Twenty-five years ago this week, kids were finalizing their holiday wish lists, which probably included a Nintendo home gaming system or the company's brand new handheld device, the Game Boy.
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They were also gearing up to see The Wizard, a brand new movie about -- what else? -- Nintendo.
Older generations may not recall The Wizard, but I do, since it was aimed right at my demographic. For one thing, it starred Fred Savage, a kid my age I saw each week on The Wonder Years. For another, it offered our first peek at Nintendo's highly anticipated new game, Super Mario Bros. 3. And even though I wasn't a serious gamer, that still sounded fairly interesting.
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The Wizard follows two runaway brothers, Corey and Jimmy (Savage and Luke Edwards) on a cross-country trip to compete in a Nintendo tournament. Savage is chatty and a quick thinker, but Jimmy hasn't spoken much since the tragic death of his twin sister.
Along the way, the brothers befriend a spunky girl named Haley, played by child actress and now-famous singer-songwriter Jenny Lewis. The desperate family members who try to locate them include the boys' father, played by Beau Bridges, and their older brother, played by rising star Christian Slater. (Earlier that year Slater had earned accolades for much darker roles in Heathers and Gleaming the Cube.)
When ET visited the set of The Wizard in 1989, Savage was, well, pumped. And while some media had been comparing the film to Rain Man, another movie about two bros on a cross-country journey, Savage disagreed.
"No offense to Dustin [Hoffman], but it's a totally different movie," Savage said. "It's not about how their relationship grows or anything." A second later, he pointed and winked at the interviewer. "You should see it!" he added, grinning.
Product placement was hardly new in the '80s -- sales of Reese's Pieces exploded after E.T. -- but The Wizard was essentially a feature-length commercial, with nearly every scene discussing and showing Nintendo products. Nearly 20 games are featured, and new items are treated like the Holy Grail.
In one of the movie's most memorable scenes, a young tournament competitor elicits gasps when he brandishes Nintendo's new Power Glove. "I love the Power Glove," he says. "It's so bad." (Don't forget, "bad" meant "good" in 1989.)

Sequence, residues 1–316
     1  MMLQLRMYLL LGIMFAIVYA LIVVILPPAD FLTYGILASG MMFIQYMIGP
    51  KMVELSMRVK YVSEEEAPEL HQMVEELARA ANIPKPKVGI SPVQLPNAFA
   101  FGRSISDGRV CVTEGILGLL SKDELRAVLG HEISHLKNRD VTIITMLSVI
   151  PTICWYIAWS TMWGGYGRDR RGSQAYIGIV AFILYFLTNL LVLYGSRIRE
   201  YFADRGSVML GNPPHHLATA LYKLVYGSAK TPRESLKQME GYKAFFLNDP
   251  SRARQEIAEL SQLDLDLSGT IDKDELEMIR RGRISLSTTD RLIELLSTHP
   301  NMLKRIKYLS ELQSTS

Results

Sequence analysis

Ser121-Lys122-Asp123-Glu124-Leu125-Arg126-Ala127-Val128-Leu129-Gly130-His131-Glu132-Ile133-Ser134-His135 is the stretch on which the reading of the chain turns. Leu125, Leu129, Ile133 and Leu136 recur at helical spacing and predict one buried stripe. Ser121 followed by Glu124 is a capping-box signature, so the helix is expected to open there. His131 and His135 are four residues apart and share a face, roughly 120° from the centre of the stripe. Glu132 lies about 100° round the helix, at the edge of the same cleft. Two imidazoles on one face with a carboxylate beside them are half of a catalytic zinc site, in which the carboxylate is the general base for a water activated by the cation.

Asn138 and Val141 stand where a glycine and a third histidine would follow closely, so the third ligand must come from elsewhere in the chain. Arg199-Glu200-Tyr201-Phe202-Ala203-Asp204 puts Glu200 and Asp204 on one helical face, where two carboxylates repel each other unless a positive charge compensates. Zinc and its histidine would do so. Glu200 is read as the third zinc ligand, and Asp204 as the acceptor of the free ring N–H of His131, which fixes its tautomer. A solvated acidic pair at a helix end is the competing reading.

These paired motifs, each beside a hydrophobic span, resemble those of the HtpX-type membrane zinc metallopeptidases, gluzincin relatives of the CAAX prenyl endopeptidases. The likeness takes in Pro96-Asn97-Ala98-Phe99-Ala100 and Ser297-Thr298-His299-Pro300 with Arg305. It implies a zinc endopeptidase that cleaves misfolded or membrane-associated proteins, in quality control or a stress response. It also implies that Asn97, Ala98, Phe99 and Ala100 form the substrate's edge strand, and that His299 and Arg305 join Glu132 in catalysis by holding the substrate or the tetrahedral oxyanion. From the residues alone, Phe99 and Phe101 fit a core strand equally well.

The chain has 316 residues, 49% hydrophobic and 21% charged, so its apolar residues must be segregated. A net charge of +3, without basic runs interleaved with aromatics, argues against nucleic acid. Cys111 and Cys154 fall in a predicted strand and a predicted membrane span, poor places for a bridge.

The Wonder Years' run lasted through 1993, but '89 was a watershed year for the series, which beat out Cheers, The Golden Girls and other hit series to win the Emmy and Golden Globe for Best Comedy. As Savage noted, TV Guide deemed it the "classiest show" on television.
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"When we first read the script, we knew it was something special," Savage said then. "It wasn't just like a half-hour sitcom. We couldn't quite put our finger on it, but it had something magical. So we were overjoyed to hear it's really taken off."
Between the promotional sound bites for ET's crew, Savage threw in some personal details, like his admiration for Jack Nicholson ("He steals the show every time") and what it was like to play his first slot machine ("I lost -- better luck next time."). And when asked about kissing actress Danica McKellar on The Wonder Years, though, he just blushed and stammered.
After The Wizard, director Todd Holland went on to helm episodes of Twin Peaks, My So-Called Life, The Larry Sanders Show and other notable series. Co-star Luke Edwards still acts but may be best known for his early work in Newsies, Little Big League and the TV movie I Know My First Name is Steven.
Re-watch the film carefully today, and you may also spot the film debut of The Great Gatsby's Tobey Maguire in the tournament scene. Another scene features the Cabazon Dinosaurs, a California tourist attraction that also pops up in Pee-wee's Big Adventure.
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Upon its release, The Wizard received terrible reviews -- Roger Ebert called it " a cynical exploitation film with a lot of commercial plugs" -- and it flopped at the box office. Today, though, it's regarded as a cult flick, particularly among gamers of a certain age. The most diehard fans have even posted meticulous analyses of the film's factual and continuity errors, of which there are many.
"While it's impossible to argue with [the critics], it doesn't prevent the storyline from offering a generous dose of goofy entertainment -- albeit in a cringeworthy kind of way," Guardian writer and fan Tola Onanuga noted in her essay about The Wizardearlier this year. "Frankly, anyone who doesn't get a warm and fuzzy feeling watching a grief-stricken young boy cure his emotional trauma by playing Super Mario Bros. 3 in front of a euphoric live audience is a heartless monster."
These days Savage is a successful TV director with credits including Modern Family, The Goldbergs, 2 Broke Girls and It's Always Sunny in Philadelphia. Watching him speak as an adolescent, it seems he wasn't just starring on TV's classiest show, but he was one of TV's classiest actors.
"I try to make a good impression on people," he said then. "[My parents] put me back down if I get a big head at any time."
He added, "Some of the people don't like being asked for their autograph or don't like to have a picture taken with fans. ... But these are the people that made you what you are. These are the people that watch your show. You at least owe it to them."
Whitney Matheson is a journalist and pop-culture critic who founded USA Today's award-winning blog Pop Candy. Follow her on Twitter at @whitneymatheson.